While a mechanical shutter is obviously a key factor that limits frame rate, eliminating it does not necessarily mean you are immediately able to achieve a significantly higher rate...every component in the pipeline must be capable of handling the higher data rate. That means making the whole entire camera more expensive...possibly considerably more expensive. It's all a balancing act, between making a product appealing to customers without breaking their bank in order to elicit the maximum number of sales without losing money. (Which, ironically, is NOT what Sony does...their electronics division has been hemorrhaging money for over a decade, to the tune of over 10 billion dollars...go figure. :P)


What you are comparing are the limits manufacturers chose to implement on thos models. It is not a reflection of what is possible but of what they choose to build in order to make it into a viable product.

Speed is limited by the slowest component in a chain. So, in order to make faster continuous shooting possible, the camera must have correspondingly fast components: shutter, sensor, processor, I/O controller, etc.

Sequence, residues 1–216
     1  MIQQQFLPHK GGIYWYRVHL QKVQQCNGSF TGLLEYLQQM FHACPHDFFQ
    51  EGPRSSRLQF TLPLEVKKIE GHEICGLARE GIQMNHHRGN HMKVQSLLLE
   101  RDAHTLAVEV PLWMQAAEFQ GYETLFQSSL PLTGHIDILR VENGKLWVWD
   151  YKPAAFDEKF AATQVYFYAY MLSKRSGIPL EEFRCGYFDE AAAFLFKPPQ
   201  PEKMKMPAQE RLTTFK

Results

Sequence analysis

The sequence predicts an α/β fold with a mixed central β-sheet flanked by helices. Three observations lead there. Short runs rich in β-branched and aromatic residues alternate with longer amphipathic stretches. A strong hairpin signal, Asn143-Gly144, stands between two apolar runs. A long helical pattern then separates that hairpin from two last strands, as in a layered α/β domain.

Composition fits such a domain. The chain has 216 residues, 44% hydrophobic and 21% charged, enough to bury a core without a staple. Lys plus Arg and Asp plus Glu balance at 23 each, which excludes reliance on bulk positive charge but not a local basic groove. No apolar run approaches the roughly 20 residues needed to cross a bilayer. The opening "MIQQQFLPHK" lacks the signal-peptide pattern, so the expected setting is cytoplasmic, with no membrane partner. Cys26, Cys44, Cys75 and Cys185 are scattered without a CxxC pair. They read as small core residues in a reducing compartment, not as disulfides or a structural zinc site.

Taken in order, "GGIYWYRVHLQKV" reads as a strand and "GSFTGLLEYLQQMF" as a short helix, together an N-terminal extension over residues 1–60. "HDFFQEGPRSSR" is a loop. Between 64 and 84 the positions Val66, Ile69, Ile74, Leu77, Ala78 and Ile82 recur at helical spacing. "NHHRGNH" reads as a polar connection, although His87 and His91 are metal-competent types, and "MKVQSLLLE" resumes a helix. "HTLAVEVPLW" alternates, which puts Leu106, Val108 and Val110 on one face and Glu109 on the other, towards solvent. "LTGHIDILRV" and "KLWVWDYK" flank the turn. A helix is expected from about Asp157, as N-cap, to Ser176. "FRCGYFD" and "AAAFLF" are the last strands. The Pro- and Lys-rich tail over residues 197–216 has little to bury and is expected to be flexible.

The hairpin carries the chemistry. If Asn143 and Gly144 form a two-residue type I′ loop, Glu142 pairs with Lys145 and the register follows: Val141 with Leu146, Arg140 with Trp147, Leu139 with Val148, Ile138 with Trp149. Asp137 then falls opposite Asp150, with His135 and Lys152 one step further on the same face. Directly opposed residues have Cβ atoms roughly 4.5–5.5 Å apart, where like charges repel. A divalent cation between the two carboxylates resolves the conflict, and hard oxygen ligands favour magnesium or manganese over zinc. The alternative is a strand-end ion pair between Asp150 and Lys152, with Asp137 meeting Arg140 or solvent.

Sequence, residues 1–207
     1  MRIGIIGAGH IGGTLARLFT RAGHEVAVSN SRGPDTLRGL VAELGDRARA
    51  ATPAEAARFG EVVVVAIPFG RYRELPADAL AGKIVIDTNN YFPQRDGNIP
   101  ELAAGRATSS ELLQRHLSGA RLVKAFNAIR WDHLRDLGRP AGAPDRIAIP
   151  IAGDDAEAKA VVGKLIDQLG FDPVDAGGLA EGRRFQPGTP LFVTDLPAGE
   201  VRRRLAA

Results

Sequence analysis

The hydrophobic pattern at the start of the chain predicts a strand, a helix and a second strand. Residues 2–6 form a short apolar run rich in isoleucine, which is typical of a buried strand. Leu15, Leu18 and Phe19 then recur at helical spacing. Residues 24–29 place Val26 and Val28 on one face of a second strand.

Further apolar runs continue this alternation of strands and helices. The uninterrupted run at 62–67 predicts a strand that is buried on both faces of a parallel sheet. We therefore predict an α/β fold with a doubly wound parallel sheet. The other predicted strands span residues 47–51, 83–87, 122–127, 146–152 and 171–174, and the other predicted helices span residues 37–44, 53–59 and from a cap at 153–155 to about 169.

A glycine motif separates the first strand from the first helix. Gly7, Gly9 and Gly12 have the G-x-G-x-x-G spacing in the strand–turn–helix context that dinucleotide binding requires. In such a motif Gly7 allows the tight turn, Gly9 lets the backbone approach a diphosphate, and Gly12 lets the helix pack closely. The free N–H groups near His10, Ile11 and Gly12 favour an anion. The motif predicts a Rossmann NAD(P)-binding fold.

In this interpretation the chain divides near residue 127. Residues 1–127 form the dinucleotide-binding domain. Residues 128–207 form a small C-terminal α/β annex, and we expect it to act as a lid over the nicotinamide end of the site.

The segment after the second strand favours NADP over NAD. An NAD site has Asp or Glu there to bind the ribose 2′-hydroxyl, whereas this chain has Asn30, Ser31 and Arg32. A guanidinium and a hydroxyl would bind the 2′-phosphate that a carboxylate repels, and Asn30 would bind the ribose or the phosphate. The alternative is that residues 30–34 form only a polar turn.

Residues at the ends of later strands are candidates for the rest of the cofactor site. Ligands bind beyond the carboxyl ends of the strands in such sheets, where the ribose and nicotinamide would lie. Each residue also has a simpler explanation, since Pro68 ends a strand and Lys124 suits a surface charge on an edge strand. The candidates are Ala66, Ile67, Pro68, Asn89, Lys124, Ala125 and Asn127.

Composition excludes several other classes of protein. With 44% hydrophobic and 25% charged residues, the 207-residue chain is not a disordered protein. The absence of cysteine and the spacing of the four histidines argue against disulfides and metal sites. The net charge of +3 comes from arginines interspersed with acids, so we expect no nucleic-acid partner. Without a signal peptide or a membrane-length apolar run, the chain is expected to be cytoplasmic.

Mechanical shutters are presently at the limit of what is constructable for a reasonable price. This is why you see at most 14 FPS with a mechanical shutter but this has improved in recent years too. Faster mechanical shutters do exist but they are built into ultra expensive cameras for cinematography.

Going the electronic shutter route removes that one barrier which is why there are cameras which shoot at up to 60 FPS like Nikon's 1 series of mirrorless cameras. At that point another limit shows up which I would guess is the read-out speed of the sensor. If you speed up the sensor, you need to speed up the processor that processes its data and so forth.

Even if one can technologically bypass a limit, say by producing a faster processor there are consequences beyond cost. For example, a faster processor may consume more power and generate more heat. It took a long time for large sensors to be usable for live-view and then video because they use to overhead quickly.